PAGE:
The producers, Alvin Toxteth and Samuel J Bloodlust together with composer Gunther Eisenkopf met Duveteen for lunch and were impressed by his experience and wealth of anecdote. In fact by the time they hit the brandy at about 3.00pm they had only got as far as Duveteen’s early career as a dancer in Binkie Mottram’s Talk of the Town revue Footlight Floozies of 1964. By that point Eisenkopf was looking increasingly irritable and eventually broke into Duveteens’s anecdote stream shouting “If you don’t get your hand off my knee I vill focking kill you”. Toxteth sensing a clash between the German’s Heavy Metal background and Duveteen’s cosier showbiz origins hastily broke the meeting up. The producers’ doubts about his suitability were reinforced on their return to the office where PA Charlotte Gore-Wincanton reported rumours that Duveteen had outstanding legal issues arising from a recent holiday in Thailand.
The following day the group was joined by book writer Dermot O’Dainty for lunch with Kevin McHarrowing. Things went much better apart from Eisenkopf’s failure to understand much of McHarrowing’s heavily accented Glaswegian account of his early struggles to find sense and meaning in his Gorbals childhood. By 3.00pm they had got to the bit where McHarrowing’s Uncles Jimmy and Dougal hold up a Paisley bookies shop in order to raise money to build a set for their favourite nephew’s production of The Good Person of Szechwan at the local church hall. At this point O’Dainty broke in saying, ”Great! Fascinating, but what did you think about the script?” McHarrowing made his pitch. (I won’t bore the reader rendering his words into Glaswegian but just take it from me that like all Glaswegians he sounded uncouth and a little bit whiney).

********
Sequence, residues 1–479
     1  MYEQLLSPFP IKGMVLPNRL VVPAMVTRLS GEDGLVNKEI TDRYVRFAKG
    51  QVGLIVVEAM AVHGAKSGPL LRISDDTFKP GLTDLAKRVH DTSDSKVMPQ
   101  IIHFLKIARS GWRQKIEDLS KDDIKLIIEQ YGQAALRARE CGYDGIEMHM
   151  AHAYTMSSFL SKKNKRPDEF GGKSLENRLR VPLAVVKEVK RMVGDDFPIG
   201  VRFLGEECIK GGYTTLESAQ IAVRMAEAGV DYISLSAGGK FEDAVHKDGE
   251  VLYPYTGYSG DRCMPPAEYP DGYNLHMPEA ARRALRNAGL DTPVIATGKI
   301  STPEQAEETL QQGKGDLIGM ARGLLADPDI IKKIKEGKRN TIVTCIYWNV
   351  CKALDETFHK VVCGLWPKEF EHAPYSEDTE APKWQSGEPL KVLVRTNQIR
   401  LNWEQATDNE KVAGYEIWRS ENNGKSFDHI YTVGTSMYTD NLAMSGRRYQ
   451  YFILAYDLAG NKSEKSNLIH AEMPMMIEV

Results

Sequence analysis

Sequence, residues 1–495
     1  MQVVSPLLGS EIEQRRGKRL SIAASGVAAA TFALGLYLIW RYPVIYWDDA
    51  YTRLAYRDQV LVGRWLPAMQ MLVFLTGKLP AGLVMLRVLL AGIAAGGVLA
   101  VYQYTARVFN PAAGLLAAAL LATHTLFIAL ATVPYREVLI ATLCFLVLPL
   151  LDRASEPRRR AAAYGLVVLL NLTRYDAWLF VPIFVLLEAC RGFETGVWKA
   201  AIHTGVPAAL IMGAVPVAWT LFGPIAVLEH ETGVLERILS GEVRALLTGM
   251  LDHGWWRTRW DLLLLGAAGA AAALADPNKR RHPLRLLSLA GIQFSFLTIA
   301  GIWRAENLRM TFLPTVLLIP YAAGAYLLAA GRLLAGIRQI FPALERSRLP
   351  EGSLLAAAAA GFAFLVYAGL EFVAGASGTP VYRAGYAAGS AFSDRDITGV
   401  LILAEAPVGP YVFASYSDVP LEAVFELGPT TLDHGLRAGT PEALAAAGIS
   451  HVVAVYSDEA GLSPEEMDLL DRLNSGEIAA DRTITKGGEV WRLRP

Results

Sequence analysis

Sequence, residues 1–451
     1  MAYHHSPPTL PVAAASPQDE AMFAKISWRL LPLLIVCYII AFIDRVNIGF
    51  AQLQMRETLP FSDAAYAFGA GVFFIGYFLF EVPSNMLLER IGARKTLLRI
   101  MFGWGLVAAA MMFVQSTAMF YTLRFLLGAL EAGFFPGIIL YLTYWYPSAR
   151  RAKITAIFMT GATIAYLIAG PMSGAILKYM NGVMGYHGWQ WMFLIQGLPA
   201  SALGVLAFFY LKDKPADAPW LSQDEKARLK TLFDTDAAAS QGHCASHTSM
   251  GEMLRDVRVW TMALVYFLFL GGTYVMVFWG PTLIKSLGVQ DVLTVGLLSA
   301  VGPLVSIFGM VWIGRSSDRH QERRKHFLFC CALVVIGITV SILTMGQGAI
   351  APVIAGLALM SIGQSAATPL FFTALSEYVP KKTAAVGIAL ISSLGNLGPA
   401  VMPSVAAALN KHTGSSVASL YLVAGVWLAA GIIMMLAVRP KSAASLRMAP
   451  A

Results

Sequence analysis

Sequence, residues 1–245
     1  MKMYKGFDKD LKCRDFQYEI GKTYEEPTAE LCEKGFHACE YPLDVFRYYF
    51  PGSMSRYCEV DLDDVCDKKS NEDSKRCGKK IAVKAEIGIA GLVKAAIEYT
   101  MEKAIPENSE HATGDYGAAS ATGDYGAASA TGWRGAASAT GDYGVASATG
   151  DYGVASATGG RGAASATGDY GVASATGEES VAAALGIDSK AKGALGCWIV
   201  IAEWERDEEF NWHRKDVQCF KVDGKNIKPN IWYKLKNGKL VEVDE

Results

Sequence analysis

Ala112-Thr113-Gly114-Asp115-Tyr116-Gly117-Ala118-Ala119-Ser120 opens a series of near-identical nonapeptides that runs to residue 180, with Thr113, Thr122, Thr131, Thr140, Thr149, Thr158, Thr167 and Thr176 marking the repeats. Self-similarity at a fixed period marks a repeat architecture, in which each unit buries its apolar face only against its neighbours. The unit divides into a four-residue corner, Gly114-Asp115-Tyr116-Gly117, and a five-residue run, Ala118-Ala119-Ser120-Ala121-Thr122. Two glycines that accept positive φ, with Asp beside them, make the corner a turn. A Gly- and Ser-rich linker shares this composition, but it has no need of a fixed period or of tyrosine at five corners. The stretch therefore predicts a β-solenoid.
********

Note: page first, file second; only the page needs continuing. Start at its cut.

“Well fellers when I opened the script my first thought, and I guess anybody’s first thought, when they read the script was ‘These people are insane. These people are stark raving mad.’ At first sight the idea that you could base a musical on the Haynes Owners Workshop Manual for the 1989 Skoda Favorit is just plain daft but then as I read on I started to think perhaps these guys are on to something. The Skoda represents that something in our lives that we all strive for but when we achieve it we find that it just doesn’t work for us. Am I right?” At that point Eisenkopf and O’Dainty, who were so drunk when they conceived the piece, that they have no idea what the show is about, nod sagely. “And then I realised all of us in some form or other already own a Skoda and that the Skoda represents in emotional and cultural terms a return to….” McHarrowing continued in similar vein for some time and I won’t reproduce the remainder of his pitch here as it also forms part of his ‘First Day of Rehearsal Speech’ which I am planning to offer as a podcast. At the end of his preamble he produced 6 model Skodas that he had bought at Hamleys that morning, and proceeded to demonstrate to the production team his idea for the “Skoda Fandango Finale”. As he described the final moments he paused and looked round the evidently impressed production team and asked quietly “Guess what my first car was?” “A Skoda” whispered O’Dainty. McHarrowing nodded and this barefaced lie (his first car had been a Cortina that Uncle Dougal gave him once it had been wiped of fingerprints) got him the job.